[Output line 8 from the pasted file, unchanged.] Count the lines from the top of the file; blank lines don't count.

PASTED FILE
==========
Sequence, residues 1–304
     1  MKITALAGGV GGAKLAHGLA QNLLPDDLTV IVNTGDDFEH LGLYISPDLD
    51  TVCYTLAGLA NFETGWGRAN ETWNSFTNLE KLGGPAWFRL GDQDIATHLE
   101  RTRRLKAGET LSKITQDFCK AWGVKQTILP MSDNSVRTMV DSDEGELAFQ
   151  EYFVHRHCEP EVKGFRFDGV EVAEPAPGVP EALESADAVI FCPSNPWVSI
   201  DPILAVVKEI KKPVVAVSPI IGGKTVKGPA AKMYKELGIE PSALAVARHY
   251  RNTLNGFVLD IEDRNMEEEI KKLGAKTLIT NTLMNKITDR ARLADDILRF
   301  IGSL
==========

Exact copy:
   301  IGSL